“So Christ has now become the High Priest over all the good things that have come. He has entered that greater, more perfect Tabernacle in heaven, which was not made by human hands and is not part of this created world. With his own blood—not the blood of goats and calves—he entered the Most Holy Place once for all time and secured our redemption forever. Under the old system, the blood of goats and bulls and the ashes of a young cow could cleanse people’s bodies from ceremonial impurity. Just think how much more the blood of Christ will purify our consciences from sinful deeds so that we can worship the living God. For by the power of the eternal Spirit, Christ offered himself to God as a perfect sacrifice for our sins. That is why he is the one who mediates a new covenant between God and people, so that all who are called can receive the eternal inheritance God has promised them. For Christ died to set them free from the penalty of the sins they had committed under that first covenant.”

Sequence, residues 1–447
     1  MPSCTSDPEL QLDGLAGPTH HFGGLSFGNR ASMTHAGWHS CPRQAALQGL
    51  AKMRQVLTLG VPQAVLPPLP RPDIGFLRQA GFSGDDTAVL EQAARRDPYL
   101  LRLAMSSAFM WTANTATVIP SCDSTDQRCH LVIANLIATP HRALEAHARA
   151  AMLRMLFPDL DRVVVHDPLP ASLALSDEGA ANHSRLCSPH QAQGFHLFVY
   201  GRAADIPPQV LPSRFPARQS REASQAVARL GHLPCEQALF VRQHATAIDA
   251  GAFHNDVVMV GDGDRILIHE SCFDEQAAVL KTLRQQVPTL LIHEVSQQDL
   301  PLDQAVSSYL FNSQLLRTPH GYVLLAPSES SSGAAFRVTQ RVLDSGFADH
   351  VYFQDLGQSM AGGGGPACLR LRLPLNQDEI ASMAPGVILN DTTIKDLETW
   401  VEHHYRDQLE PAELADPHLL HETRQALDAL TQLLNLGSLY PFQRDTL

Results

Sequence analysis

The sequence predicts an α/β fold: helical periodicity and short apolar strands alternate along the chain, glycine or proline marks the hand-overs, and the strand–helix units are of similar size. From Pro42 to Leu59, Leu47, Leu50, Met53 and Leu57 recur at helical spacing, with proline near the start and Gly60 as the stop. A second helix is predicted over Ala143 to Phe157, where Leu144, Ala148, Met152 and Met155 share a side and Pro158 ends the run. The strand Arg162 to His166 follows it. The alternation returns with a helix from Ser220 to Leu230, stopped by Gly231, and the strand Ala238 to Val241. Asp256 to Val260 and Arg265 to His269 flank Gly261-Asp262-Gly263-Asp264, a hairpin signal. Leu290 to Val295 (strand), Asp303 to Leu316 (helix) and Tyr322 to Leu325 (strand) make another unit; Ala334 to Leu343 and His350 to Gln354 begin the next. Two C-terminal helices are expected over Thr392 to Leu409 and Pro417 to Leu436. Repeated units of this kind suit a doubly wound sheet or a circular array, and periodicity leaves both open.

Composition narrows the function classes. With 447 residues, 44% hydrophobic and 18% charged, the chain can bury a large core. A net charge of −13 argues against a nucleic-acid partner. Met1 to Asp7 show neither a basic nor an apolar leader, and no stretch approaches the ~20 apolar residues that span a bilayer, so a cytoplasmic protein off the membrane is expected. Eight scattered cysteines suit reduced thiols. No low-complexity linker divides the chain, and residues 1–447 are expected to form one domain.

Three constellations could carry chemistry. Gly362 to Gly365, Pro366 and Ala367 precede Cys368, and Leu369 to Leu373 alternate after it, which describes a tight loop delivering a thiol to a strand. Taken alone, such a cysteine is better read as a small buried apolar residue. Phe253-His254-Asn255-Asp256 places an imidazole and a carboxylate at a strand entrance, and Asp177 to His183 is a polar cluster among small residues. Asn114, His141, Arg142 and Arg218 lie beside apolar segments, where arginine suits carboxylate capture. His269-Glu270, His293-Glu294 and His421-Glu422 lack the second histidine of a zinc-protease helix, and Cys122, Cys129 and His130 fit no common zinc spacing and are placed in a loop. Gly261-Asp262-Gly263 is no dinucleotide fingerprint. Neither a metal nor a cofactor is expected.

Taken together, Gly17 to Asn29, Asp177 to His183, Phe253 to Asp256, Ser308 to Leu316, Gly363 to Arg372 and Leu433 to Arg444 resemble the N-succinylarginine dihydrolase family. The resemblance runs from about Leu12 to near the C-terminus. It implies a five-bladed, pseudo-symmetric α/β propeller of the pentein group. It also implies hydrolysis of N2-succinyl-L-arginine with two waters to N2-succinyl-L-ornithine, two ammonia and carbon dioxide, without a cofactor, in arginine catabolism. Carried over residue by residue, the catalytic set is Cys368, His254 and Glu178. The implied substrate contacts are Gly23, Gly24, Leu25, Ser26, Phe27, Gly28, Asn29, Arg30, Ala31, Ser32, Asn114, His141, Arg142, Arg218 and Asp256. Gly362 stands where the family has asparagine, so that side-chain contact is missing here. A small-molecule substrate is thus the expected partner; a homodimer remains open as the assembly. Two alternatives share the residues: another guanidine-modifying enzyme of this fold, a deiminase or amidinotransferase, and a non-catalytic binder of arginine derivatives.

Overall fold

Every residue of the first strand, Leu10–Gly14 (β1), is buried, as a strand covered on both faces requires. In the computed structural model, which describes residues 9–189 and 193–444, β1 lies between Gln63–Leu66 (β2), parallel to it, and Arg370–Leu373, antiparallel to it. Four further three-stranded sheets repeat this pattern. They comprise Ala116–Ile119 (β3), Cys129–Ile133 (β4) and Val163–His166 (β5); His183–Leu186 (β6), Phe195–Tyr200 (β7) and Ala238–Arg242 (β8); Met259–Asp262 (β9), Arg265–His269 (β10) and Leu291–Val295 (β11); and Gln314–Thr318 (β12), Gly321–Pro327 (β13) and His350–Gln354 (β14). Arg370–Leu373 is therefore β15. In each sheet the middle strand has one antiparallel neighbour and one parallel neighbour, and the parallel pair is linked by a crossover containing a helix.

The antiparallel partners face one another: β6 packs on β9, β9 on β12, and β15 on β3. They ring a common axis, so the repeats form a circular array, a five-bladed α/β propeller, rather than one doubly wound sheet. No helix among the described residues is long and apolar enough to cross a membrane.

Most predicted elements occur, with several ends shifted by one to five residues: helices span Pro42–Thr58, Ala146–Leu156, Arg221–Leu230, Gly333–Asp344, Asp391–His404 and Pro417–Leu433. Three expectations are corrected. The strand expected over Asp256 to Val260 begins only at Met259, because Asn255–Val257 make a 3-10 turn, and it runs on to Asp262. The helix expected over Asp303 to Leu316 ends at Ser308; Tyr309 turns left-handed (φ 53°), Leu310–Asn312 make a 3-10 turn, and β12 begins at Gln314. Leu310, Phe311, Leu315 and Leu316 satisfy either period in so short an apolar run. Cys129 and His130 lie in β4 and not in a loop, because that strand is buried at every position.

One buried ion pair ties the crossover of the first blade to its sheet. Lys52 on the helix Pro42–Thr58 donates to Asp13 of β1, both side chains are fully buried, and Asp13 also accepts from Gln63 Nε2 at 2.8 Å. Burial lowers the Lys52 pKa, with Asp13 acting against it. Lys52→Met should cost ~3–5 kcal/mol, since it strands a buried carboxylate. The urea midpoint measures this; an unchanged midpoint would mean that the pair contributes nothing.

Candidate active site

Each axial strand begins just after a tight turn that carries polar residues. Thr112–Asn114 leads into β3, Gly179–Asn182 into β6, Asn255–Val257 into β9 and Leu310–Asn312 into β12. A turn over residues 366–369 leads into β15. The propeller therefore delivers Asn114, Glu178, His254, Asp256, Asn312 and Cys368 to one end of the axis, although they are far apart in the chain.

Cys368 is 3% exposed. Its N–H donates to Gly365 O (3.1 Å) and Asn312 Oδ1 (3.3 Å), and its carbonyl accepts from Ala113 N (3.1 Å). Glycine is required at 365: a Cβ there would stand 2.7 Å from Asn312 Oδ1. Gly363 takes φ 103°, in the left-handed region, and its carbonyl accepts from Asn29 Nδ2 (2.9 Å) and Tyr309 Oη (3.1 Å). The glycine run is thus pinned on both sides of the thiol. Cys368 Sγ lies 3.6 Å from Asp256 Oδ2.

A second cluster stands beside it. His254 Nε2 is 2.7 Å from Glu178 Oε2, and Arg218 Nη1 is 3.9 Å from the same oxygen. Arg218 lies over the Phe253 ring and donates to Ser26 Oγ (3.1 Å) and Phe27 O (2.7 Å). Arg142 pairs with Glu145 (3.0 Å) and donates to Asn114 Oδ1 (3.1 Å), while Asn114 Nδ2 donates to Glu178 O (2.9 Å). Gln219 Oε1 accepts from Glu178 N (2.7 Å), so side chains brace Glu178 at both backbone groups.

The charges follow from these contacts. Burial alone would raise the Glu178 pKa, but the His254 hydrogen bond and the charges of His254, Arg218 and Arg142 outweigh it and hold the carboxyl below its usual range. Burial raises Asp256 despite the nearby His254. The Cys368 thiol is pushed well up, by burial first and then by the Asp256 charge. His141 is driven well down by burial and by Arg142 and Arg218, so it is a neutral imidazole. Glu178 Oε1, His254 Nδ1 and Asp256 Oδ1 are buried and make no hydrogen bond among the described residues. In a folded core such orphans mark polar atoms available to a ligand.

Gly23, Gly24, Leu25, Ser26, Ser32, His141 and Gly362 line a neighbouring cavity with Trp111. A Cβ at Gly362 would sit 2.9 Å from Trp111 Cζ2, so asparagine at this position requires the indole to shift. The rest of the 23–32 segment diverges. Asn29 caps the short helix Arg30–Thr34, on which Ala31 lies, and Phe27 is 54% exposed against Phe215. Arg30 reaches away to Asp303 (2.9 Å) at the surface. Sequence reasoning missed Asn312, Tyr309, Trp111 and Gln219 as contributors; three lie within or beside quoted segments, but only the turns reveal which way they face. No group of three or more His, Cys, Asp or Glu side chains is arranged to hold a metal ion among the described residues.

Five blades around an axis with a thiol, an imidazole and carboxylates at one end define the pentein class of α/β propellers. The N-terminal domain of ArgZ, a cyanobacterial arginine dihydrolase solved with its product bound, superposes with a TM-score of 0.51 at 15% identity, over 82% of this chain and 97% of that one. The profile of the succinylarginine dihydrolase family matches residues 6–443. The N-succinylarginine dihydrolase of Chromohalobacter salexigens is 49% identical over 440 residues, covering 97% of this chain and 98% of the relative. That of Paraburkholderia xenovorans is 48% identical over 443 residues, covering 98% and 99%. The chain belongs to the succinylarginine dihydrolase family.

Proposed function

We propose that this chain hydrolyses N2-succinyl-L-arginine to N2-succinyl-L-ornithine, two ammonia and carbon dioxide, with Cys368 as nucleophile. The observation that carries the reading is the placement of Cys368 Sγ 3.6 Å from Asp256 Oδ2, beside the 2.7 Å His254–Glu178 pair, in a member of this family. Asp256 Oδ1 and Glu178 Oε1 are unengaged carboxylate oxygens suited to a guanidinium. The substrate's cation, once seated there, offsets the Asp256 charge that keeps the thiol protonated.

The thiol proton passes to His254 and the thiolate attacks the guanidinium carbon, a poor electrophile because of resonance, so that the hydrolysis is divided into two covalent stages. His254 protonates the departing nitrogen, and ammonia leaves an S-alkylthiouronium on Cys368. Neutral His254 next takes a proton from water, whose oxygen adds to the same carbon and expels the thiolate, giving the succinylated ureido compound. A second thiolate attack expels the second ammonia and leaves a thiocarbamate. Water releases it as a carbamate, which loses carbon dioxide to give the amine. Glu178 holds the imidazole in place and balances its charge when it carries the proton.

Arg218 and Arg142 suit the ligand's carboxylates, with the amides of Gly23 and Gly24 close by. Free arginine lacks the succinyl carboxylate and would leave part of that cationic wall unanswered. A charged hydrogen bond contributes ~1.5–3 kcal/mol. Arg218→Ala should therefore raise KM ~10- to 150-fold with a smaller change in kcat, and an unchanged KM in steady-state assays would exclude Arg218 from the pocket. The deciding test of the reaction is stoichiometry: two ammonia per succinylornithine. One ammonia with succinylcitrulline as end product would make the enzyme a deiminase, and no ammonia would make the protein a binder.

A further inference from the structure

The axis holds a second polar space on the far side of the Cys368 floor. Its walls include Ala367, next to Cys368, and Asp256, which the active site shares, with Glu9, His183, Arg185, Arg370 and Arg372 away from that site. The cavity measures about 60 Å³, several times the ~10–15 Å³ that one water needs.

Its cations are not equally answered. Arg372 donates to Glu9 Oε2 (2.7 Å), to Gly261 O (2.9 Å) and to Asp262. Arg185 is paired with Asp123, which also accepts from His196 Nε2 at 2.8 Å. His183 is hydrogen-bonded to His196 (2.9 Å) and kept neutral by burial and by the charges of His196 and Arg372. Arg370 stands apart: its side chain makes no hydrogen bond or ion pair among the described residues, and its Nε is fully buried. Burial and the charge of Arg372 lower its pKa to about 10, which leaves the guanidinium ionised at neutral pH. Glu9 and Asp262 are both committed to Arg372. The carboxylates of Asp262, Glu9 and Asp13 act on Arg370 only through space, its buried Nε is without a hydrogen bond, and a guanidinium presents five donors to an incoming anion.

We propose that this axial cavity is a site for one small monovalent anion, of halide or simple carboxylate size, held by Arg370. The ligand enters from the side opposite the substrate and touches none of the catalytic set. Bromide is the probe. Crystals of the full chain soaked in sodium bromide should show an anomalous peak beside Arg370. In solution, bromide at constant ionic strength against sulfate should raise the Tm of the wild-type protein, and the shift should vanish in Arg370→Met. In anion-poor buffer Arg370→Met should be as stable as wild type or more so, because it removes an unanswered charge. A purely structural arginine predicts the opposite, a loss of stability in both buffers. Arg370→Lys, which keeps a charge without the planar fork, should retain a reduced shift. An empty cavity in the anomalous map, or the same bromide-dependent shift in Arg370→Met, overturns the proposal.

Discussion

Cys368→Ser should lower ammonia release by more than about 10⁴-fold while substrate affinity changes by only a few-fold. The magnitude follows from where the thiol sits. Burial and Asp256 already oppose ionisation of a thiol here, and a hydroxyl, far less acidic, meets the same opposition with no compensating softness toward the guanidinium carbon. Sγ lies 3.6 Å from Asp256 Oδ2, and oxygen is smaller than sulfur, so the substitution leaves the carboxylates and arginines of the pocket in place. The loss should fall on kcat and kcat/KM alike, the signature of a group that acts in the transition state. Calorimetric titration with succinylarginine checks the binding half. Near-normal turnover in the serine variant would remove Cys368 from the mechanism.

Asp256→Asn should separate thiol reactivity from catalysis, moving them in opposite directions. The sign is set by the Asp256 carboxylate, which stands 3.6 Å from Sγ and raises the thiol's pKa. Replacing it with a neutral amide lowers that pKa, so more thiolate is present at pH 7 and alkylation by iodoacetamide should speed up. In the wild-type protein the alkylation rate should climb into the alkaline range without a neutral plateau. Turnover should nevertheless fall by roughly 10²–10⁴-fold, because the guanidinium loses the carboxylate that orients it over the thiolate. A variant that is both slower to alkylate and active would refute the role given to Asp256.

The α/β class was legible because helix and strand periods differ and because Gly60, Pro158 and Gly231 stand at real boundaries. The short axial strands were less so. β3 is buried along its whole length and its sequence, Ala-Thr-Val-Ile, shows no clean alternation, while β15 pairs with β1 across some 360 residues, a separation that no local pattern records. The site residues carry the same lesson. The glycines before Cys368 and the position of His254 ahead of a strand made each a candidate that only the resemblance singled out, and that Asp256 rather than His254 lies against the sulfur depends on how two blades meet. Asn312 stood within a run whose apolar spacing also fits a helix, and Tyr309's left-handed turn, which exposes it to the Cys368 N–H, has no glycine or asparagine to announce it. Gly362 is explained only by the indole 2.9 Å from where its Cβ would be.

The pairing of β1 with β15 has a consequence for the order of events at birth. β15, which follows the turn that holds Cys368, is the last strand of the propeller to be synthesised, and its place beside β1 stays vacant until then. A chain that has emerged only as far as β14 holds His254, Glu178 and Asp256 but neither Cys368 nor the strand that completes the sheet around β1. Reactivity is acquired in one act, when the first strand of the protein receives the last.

This passage is rich in images and terminology about the sacrificial death of Jesus Christ. Mediator, redemption, covenant, tabernacle, blood, sacrifice, forgiveness of sins, inheritance, holy place. These terms all refer to the Old Testament Jewish sacrificial system and are completely foreign and fairly incomprehensible to us Gentiles living in the 21st century. The Epistle to the Hebrews was written for Jewish Christians living in the earliest days of the Christian church. It’s intended to show that the sacrificial death of Jesus on the cross is superior to and has replaced the Old Testament, Jewish system of animal sacrifices offered at the Temple in Jerusalem.